Do you know anyone like Charlie Joe Jackson? Have a reluctant reader on your own hands? Check out the interview below with Tommy Greenwald, author of CHARLIE JOE JACKSON's GUIDE TO NOT READING. And leave a comment with a way to reach you for a chance to win the book. (US and Canadian entries only.) Want more information? Catch Tommy on his website.
The book will be published by Roaring Brook/Macmillan on July 5, 2011, and be available for pre-order on April 5, 2011.
Q. What was the hardest thing about writing this book?
A. Finding the time to write it between my job and my family and my love of television.
Q. What made you want to write it and kept you going?
A. My own kids - Charlie, Joe and Jack -- hated to read growing up. I wanted to write a book for kids like them, reluctant readers who might actually glance at it and think, "okay, I'll try it. I'll probably hate it, but i'll try it."
Q. How long did you work on it?
A. The character of Charlie Joe Jackson popped into my head in September 2009, and the publication date is July 5, 2011. The first draft took about three months.
Q. How was your journey to publication? Long, short, how many rejections?
A. Well, my agent story tends to make people want to throw household appliances at me -- I didn't have to query at all, since my childhood friend Michele Rubin is a wonderful agent at Writer's House and she agreed to take me on (I think i'm her first kidlit client). We submitted the book to about five editors. I got a few outright rejections, while some editors asked for revisions. Nan Mercado at Roaring Brook agreed to buy first and ask for revisions later. She's just an amazing editor and person. I got extremely lucky.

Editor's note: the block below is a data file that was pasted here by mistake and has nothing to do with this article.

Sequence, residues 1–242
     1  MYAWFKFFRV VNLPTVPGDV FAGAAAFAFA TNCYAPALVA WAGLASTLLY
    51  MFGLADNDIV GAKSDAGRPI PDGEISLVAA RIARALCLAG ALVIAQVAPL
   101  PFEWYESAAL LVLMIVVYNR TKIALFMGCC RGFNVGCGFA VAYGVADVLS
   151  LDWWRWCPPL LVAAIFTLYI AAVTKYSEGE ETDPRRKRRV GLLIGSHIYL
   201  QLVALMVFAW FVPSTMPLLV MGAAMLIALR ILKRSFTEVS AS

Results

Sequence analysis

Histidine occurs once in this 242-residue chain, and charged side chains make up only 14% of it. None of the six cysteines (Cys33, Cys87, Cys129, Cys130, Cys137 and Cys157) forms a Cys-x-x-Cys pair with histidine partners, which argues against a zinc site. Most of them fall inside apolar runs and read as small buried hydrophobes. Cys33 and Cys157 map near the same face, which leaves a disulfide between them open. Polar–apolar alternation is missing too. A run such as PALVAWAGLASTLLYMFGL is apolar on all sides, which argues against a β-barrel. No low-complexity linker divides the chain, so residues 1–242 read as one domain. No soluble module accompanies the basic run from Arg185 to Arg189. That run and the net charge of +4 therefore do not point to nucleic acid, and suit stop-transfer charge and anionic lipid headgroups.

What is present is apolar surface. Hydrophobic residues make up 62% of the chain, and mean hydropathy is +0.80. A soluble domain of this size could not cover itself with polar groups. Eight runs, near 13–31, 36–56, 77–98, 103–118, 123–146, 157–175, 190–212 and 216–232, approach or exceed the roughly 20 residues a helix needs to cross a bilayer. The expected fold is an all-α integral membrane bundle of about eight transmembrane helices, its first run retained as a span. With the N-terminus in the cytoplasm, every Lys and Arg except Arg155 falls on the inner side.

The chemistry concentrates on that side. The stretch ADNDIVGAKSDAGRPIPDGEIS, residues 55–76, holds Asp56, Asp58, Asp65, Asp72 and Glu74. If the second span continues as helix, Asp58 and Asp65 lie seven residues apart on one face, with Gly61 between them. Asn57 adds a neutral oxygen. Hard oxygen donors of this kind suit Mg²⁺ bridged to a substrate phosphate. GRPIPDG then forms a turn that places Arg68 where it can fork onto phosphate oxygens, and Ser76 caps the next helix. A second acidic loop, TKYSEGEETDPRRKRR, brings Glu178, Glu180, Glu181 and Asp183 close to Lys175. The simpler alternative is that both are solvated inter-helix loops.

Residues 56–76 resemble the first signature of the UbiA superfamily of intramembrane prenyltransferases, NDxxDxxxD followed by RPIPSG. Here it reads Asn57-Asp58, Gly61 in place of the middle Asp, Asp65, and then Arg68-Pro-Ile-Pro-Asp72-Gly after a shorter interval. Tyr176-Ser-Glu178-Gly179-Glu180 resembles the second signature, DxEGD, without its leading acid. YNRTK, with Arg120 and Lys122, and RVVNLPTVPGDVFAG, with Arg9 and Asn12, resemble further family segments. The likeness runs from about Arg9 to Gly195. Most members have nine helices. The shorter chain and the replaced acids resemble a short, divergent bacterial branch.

Q. What advice would you most like to pass along to other writers?
A. That's a tough one. I think everyone works differently, and my method is extremely unorthodox; I would never suggest that other people write on a hot commuter train that's so crowded you can't move your arms to type properly, while constantly feeding your addiction to email on the iphone. But for some reason that works for me. I will say that my topic was something that was very personal to me - trying to write a book that my own reluctant reader children would consider reading - and i think that really helped me as a writer. It became as much a mission as a book. Other than that, I'd say simply that if you write to entertain yourself, chances are others will be entertained as well.
Q. What has surprised you most about becoming a published author?
A. I think most people who have the determination and discipline to actually write and finish a book, have the capacity to stress out at a very high level. I know i do. In publishing, there's always the next thing to worry about: will i finish the book, will an editor buy the book, will any actual people buy the book, will barnes and noble carry the book, if so how many will they take, will i like the cover, will i like the illustrations, will my next book be as good as this book... meanwhile, my first book isn't even out yet! i have to keep telling myself to relax and enjoy this amazing ride! but sometimes i forget to take my own advice.